We're joined by Duane Sibilly to process the visual and emotional feast that was Avengers: Endgame. The discuss what worked the most in the film, identify he film's Most Valuable Player, and explore how it concludes this phase of the Marvel Cinematic Universe. We also ponder how Endgame gives additional life to past MCU films and wonder how well the film will age given the complex questions and potential plot holes that arise with too much prodding into the time-travel business. We share our thoughts on the final moments for some of our heroes and explore how the MCU films might be saving the movie-theater experience.
Your hosts consume The Dirt by Mötley Crüe and talk about the thoughts and emotions that arise when listening their music, which was created by guys who tormented, injured, murdered and raped (according to Nikki in the book version) people. We talk about our first exposure to Mötley Crüe in the 1980s, and how their image was cultivated for maximum shock value. We try to figure out the best way to approach artists that have complicated and troubled behaviors, and wonder if you can - or even should - separate the art from the artist.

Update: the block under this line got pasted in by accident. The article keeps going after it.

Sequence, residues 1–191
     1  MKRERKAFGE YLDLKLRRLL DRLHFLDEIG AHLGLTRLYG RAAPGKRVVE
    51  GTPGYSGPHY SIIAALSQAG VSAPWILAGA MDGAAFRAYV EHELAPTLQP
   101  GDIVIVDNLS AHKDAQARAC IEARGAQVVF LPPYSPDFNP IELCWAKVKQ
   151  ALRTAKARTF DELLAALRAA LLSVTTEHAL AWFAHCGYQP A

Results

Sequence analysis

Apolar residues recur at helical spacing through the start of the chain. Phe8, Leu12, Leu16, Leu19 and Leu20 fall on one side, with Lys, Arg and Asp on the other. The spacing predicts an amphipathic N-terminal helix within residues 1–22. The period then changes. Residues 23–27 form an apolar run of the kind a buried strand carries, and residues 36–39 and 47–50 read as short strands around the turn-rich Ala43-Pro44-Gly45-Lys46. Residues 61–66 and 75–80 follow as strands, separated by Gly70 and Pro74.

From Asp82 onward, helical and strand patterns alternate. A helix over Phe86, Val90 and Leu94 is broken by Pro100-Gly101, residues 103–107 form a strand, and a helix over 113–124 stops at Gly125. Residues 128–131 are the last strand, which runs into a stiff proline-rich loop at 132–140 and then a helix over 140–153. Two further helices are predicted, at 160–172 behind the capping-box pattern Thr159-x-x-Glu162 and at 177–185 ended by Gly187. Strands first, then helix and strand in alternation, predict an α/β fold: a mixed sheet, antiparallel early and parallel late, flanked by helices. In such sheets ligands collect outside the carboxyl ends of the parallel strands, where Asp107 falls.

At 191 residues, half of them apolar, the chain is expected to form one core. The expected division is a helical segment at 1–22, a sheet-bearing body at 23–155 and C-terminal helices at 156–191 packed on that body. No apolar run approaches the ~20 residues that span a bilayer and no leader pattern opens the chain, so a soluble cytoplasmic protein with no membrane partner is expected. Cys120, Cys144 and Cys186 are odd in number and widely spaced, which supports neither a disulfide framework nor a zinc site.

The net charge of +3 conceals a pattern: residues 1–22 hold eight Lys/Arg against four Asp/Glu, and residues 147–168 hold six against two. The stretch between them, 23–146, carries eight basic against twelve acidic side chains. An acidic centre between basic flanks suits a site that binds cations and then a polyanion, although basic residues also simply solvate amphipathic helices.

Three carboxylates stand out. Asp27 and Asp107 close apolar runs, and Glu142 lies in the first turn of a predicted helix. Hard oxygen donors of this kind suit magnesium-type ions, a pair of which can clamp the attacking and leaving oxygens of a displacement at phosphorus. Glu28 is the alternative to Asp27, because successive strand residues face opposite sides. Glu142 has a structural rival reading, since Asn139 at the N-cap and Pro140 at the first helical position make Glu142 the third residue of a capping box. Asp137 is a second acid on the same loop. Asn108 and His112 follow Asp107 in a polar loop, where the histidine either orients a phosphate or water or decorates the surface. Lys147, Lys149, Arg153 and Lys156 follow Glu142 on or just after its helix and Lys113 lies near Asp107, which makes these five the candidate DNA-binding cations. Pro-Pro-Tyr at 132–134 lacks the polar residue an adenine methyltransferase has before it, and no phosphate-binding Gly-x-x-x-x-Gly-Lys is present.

Your hosts are joined by Chad once again (he previously appeared on our Yacht Rock episode in August 2018) to explore the concept of The Vault, a place where overplayed songs are retired for a period of time so they can reclaim their powers. Michael encourages Chris and Chad to justify why The Vault is necessary, and a list of reasons is presented for why some songs need to be put to rest - at least for a little while. Other songs get Rocket To The Sun status as the hosts discuss music that has been pounded into the ground for decades. Laughs are had, barbs are tossed, and a teen drama television series is righteously defended.